Possible Causes and Treatments for Unexplained Tooth Pain

Dentist with tools examining teeth of patient

Do you have a tooth that aches for no apparent reason? You’re not alone. Many people experience occasional tooth pain, which can be frustrating when you can’t figure out the cause. While some causes of tooth pain are easily identifiable and remedied, others can be more difficult to pinpoint. This blog post will explore some possible causes of tooth pain and offer solutions for each.

1. Sensitivity to Hot or Cold Temperatures

If your tooth hurts when you consume hot or cold drinks or food, then temperature sensitivity is likely the culprit. Because the tooth enamel has been weakened, the dentin layer of your tooth is exposed. This can make hot and cold temperatures more painful. People who suffer from temperature sensitivity can reduce pain by switching to toothpaste specifically designed for sensitive teeth.

Additionally, rinsing your mouth with warm water and gradually increasing the temperature of cold and hot items can help reduce discomfort. This helps desensitize the teeth. You could also try using a straw when drinking cold drinks to keep the liquid away from your sensitive teeth. If the pain persists, consult your dentist for further care.

Dentist Treating Patient in Clinic

2. Wisdom Teeth

Wisdom teeth often cause pain as they try to break through the gums. In some cases, a dentist or oral surgeon must remove your wisdom tooth if they are impacted (stuck beneath the gums) or if they are crowding other teeth. Even if wisdom teeth don’t cause problems, many dentists recommend removing them because they are difficult to brush and floss properly due to their location in the back of the mouth.

If you experience pain from wisdom teeth, ask your dentist about getting them removed. The procedure can be done under local anesthesia and is relatively simple. You may experience discomfort for the first few days after your procedure, but it should eventually subside. You may also be prescribed an antibiotic to prevent infection.

3. Gum Disease

Another common cause of tooth pain is gum disease when gums become inflamed due to plaque buildup. Plaque is a sticky film of bacteria that attaches to your teeth and gums. It irritates the gum tissue, making it red, swollen, and tender. The pain from gum disease can range from mild to severe and may also cause further health issues if left untreated.

The best way to treat gum disease is to brush and floss regularly and visit your dentist every six months for a professional cleaning. Your dentist may also recommend a mouthwash to help reduce plaque buildup or a special toothpaste designed to treat gum disease.

In more severe cases, your dentist may need to surgically open the gum tissue and remove the plaque with a scalpel. Afterward, your dentist may prescribe antibiotics or an antiseptic mouthwash to help prevent infection.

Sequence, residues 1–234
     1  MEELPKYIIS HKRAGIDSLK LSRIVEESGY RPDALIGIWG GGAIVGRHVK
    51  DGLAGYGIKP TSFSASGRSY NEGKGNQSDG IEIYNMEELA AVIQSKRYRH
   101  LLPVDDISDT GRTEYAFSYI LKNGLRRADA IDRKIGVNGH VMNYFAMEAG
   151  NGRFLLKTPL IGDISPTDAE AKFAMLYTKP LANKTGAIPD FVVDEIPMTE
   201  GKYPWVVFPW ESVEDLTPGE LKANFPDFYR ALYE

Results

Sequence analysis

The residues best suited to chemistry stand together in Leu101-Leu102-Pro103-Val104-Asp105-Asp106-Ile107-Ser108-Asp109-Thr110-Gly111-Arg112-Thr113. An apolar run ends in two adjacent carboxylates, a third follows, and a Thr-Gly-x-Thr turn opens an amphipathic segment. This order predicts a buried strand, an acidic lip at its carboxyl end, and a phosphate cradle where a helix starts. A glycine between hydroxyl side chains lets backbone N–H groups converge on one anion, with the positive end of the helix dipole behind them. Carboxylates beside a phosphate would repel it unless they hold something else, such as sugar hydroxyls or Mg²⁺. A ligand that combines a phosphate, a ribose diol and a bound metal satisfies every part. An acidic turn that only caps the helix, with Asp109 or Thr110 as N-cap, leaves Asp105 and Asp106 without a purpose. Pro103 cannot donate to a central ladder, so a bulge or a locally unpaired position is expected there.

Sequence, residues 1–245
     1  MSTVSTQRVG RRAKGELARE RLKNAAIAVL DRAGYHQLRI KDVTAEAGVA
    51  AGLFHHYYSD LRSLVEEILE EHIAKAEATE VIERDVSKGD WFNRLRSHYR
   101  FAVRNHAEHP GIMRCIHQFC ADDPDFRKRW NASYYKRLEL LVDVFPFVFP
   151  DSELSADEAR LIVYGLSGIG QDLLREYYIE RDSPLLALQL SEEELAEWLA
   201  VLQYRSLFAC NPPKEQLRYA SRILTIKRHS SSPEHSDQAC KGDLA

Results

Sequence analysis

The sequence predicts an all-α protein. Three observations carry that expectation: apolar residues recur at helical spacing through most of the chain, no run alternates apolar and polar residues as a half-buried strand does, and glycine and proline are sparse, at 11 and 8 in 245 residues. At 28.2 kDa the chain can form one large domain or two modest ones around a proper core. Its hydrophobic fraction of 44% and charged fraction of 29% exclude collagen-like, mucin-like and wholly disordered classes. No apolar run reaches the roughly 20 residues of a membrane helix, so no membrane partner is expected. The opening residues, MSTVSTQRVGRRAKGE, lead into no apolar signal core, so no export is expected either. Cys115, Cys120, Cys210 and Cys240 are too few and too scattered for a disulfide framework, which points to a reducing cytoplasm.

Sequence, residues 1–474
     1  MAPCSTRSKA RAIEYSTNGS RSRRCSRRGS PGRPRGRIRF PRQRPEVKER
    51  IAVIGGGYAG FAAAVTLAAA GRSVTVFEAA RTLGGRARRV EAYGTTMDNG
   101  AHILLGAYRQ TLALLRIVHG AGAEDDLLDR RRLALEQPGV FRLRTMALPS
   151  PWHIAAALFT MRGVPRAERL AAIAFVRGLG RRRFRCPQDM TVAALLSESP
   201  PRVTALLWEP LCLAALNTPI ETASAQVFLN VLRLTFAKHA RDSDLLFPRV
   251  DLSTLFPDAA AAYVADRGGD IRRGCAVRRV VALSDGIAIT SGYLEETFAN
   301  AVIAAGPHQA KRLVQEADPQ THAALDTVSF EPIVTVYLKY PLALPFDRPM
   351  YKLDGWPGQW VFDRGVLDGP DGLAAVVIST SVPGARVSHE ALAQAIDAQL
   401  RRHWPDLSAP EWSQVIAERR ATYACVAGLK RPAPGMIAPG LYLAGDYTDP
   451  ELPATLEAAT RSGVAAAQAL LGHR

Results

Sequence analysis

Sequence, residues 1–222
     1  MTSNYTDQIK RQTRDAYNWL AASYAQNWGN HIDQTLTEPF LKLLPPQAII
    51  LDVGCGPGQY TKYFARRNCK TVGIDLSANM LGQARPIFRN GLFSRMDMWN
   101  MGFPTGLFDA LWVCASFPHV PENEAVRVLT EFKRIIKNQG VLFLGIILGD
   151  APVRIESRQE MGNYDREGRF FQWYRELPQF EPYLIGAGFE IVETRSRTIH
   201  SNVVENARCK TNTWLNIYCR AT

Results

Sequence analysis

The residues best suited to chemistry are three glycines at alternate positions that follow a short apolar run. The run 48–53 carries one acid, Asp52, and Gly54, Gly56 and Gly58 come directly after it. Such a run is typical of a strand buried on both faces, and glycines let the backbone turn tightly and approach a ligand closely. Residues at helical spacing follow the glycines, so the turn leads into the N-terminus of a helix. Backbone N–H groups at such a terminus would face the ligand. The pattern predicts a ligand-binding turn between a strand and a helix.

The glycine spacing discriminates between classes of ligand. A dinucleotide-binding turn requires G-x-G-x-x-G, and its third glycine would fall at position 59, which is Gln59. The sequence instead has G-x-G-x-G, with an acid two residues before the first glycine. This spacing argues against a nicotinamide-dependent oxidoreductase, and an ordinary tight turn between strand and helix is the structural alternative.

4. Infection

An infection in your tooth can also cause pain. This type of infection is usually the result of untreated decay, so you must see your dentist regularly for checkups and cleanings. If you have an infected tooth, your dentist will likely prescribe antibiotics to clear the infection and may also recommend a root canal procedure.

The root canal procedure involves removing the infected pulp from inside the tooth and cleaning the area. This procedure can be done in one visit or over a few visits, depending on the severity of the infection. Afterward, your dentist will fill the tooth with a special material to prevent further decay and seal it off. You may also be given a crown to protect the tooth from further damage.

5. Clenching or Grinding Teeth

If you grind or clench your teeth, you may experience recurring jaw pain or headaches in addition to general toothache pain. This can be caused by stress or an uneven bite, and it can wear down your tooth enamel over time. Children and teenagers may clench or grind their teeth during sleep, so it’s essential to keep an eye on your child’s dental health.

To relieve this type of pain, your dentist may recommend wearing a mouthguard at night to protect your teeth from grinding damage. If you clench or grind during the daytime, we suggest looking into stress-relieving activities such as yoga or meditation. These activities can help reduce the tension in your jaw, thus reducing pain.

There are many possible causes of unexplained tooth pain. If you are experiencing intermittent tooth pain, review this list of possibilities and try self-treating with home remedies first. If your pain persists after trying home remedies or if it is severe enough to interfere with eating or drinking, contact your dentist immediately to schedule an appointment. Unexplained tooth pain can be annoying, but identifying the cause is often half the battle!

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